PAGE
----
Its maker? That is the fun part.
The chapel's original architect died before revealing how the nuns were to climb to the choir loft of the lovely new chapel in a dignified manner. The ladies prayed fervently for nine days, after which a rough-looking man walked in and took the job.
Using only primitive tools, warm water, and wood foreign to the area, (that no one saw delivered), he asked to be left alone for three months. At the end of that time, the man disappeared completely, leaving the nuns to believe that Saint Joseph had materialized to help them.
Eager to solve the mystery, author Mary Jean Straw Cook, cited that a death notice in The New Mexican newspaper in 1895 proved the builder to be a French immigrant. However, after studying her findings, the dead man was deemed by many to be too young.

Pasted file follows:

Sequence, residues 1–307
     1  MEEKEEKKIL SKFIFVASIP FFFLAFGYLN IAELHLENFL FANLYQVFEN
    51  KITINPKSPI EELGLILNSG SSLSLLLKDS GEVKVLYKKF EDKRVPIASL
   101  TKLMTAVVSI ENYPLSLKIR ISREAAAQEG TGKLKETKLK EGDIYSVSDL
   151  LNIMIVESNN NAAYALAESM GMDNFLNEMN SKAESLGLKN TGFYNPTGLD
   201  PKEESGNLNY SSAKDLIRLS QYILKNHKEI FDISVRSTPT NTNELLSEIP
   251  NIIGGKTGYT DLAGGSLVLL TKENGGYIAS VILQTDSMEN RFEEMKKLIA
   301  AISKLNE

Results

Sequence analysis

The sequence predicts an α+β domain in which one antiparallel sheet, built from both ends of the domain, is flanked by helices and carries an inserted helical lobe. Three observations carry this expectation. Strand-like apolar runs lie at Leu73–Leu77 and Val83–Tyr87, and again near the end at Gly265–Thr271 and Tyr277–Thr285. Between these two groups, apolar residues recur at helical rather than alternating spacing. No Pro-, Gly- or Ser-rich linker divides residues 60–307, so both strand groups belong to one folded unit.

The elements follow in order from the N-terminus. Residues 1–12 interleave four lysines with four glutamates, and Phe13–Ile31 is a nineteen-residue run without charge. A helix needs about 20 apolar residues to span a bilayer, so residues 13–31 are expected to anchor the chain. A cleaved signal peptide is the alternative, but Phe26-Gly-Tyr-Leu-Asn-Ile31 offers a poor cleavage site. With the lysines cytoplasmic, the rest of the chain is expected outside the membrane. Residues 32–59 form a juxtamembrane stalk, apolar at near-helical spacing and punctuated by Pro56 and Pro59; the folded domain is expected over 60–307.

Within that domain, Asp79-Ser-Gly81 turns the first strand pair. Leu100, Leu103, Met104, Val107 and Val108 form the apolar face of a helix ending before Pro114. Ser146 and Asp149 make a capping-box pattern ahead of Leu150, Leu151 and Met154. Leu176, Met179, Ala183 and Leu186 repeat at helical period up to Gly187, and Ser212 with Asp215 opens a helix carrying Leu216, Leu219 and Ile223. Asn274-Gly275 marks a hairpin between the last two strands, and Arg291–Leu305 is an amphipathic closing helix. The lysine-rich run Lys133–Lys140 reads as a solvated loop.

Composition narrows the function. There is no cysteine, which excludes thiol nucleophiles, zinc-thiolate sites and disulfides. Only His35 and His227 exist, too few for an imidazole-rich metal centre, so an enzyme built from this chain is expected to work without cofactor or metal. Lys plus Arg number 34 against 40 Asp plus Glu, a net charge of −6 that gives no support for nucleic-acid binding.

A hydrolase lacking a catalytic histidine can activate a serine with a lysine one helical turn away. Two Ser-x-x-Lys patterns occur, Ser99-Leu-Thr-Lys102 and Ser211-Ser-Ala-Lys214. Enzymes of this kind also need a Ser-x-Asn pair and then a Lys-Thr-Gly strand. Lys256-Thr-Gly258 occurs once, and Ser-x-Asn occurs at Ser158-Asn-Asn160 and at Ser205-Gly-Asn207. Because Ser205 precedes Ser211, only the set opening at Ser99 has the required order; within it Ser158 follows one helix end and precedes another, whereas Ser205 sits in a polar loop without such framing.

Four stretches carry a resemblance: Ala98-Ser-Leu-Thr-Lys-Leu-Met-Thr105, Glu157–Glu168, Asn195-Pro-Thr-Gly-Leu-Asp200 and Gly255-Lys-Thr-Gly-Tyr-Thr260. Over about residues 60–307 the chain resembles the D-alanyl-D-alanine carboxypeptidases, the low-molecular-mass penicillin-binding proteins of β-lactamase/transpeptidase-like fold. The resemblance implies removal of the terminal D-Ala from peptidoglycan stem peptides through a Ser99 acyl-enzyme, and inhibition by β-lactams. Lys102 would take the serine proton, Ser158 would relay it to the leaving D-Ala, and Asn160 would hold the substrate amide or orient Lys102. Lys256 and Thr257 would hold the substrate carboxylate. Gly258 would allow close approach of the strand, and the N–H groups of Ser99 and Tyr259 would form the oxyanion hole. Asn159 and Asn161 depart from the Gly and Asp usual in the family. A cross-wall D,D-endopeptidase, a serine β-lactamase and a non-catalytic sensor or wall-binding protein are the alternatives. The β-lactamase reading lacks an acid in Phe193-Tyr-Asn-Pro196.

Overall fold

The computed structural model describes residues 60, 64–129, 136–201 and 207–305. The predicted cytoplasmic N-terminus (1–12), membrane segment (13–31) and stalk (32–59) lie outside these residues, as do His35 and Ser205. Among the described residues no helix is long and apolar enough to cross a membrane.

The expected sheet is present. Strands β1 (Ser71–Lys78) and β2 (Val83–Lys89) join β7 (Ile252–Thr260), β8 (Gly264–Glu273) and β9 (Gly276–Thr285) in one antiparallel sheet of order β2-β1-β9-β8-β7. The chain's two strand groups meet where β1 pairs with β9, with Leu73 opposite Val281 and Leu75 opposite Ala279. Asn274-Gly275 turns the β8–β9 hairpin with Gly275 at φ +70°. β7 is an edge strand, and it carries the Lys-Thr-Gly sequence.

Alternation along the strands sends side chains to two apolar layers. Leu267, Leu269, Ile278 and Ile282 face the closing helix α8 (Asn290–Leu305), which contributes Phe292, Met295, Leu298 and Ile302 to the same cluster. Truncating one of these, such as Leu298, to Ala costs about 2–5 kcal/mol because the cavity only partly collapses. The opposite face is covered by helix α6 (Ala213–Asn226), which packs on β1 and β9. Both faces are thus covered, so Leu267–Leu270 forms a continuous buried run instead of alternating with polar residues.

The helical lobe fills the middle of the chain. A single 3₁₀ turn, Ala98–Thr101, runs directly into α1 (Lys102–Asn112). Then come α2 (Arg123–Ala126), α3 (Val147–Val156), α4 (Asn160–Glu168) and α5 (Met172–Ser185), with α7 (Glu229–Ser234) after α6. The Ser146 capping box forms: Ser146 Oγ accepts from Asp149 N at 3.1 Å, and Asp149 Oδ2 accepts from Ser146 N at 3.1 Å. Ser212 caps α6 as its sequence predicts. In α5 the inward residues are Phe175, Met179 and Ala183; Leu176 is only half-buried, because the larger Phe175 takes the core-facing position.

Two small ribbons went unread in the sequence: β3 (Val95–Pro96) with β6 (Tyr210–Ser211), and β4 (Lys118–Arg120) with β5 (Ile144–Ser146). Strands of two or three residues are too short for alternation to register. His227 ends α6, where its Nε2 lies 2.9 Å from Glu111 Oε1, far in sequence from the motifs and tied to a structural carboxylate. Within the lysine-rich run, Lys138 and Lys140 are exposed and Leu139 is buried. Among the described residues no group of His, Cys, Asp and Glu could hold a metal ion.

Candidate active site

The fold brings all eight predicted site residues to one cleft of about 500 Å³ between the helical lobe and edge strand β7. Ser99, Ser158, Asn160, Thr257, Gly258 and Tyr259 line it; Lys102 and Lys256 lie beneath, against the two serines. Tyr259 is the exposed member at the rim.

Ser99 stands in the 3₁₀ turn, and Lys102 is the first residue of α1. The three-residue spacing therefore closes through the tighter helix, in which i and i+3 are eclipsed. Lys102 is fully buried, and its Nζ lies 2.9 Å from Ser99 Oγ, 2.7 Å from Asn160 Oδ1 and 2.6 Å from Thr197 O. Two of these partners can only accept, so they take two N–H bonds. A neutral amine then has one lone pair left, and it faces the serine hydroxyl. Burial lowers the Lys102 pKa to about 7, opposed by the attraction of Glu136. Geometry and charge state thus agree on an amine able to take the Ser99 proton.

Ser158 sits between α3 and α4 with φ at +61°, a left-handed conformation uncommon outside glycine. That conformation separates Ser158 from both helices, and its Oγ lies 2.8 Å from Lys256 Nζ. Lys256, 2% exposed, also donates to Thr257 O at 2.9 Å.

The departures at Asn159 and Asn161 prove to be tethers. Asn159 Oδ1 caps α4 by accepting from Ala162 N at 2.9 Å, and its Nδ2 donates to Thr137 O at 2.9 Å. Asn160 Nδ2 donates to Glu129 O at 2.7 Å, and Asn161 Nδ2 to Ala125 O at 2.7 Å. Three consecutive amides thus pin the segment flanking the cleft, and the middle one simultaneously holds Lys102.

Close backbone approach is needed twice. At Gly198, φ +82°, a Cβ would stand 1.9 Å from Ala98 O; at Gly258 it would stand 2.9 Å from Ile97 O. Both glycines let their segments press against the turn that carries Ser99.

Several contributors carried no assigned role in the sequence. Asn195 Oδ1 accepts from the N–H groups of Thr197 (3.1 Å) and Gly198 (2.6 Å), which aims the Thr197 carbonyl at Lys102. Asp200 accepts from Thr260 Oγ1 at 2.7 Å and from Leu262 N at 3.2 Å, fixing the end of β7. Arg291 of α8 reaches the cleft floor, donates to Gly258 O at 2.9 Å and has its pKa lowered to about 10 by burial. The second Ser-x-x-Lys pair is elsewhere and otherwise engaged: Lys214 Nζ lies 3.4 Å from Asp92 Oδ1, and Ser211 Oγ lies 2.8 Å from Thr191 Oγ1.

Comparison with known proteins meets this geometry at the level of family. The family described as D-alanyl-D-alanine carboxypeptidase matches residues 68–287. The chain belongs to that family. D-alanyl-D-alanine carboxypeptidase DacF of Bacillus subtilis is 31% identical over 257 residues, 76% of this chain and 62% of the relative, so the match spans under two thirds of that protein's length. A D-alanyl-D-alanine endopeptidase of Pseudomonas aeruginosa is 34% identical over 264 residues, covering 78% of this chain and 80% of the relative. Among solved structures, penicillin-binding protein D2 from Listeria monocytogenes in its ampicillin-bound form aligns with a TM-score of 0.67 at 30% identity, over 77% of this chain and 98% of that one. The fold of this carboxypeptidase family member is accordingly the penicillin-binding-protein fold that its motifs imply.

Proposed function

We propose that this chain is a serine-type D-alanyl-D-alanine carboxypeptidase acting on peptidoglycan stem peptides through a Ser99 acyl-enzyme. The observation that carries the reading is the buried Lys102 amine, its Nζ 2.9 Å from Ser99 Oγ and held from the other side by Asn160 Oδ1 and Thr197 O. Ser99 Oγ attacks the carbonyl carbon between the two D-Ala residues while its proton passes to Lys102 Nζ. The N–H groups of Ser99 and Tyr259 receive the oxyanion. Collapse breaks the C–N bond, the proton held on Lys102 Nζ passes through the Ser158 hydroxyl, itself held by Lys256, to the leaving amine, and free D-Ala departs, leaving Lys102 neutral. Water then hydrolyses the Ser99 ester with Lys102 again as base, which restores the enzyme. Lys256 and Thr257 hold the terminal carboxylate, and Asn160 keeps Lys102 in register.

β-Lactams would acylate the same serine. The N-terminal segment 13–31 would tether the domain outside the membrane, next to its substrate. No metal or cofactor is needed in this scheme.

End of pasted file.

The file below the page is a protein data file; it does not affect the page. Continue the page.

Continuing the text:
The impossibility of the design spurred speculation from the beginning, and the wood, though thought to be spruce, has not been adequately tested to ascertain its origin.
So, we have a genius of a builder with no name, who never stuck around to get paid, a complex design from 1872 that today's architects still study, and the mysterious appearance of the wood. The nuns believed it to be a miracle. What do you think?
I like the miracle story.
Read the arguments against the mystery
Read the arguments against the arguments